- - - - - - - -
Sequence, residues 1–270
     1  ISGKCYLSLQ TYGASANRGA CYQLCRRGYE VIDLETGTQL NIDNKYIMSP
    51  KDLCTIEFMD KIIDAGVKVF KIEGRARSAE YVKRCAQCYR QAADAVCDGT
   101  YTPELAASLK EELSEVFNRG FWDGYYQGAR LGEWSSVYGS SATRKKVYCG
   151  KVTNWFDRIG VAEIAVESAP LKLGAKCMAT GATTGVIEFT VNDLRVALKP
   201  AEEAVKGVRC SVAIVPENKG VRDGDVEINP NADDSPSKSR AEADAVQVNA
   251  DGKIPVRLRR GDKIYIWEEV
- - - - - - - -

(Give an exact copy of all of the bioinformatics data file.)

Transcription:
Sequence, residues 1–270
     1  ISGKCYLSLQ TYGASANRGA CYQLCRRGYE VIDLETGTQL NIDNKYIMSP
    51  KDLCTIEFMD KIIDAGVKVF KIEGRARSAE YVKRCAQCYR QAADAVCDGT
   101  YTPELAASLK EELSEVFNRG FWDGYYQGAR LGEWSSVYGS SATRKKVYCG
   151  KVTNWFDRIG VAEIAVESAP LKLGAKCMAT GATTGVIEFT VNDLRVALKP
   201  AEEAVKGVRC SVAIVPENKG VRDGDVEINP NADDSPSKSR AEADAVQVNA
   251  DGKIPVRLRR GDKIYIWEEV